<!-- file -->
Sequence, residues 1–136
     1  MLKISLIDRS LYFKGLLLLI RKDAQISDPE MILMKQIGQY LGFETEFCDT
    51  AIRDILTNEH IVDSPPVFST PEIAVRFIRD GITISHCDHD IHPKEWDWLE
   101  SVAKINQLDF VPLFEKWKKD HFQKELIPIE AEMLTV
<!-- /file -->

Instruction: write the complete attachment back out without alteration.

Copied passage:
Sequence, residues 1–136
     1  MLKISLIDRS LYFKGLLLLI RKDAQISDPE MILMKQIGQY LGFETEFCDT
    51  AIRDILTNEH IVDSPPVFST PEIAVRFIRD GITISHCDHD IHPKEWDWLE
   101  SVAKINQLDF VPLFEKWKKD HFQKELIPIE AEMLTV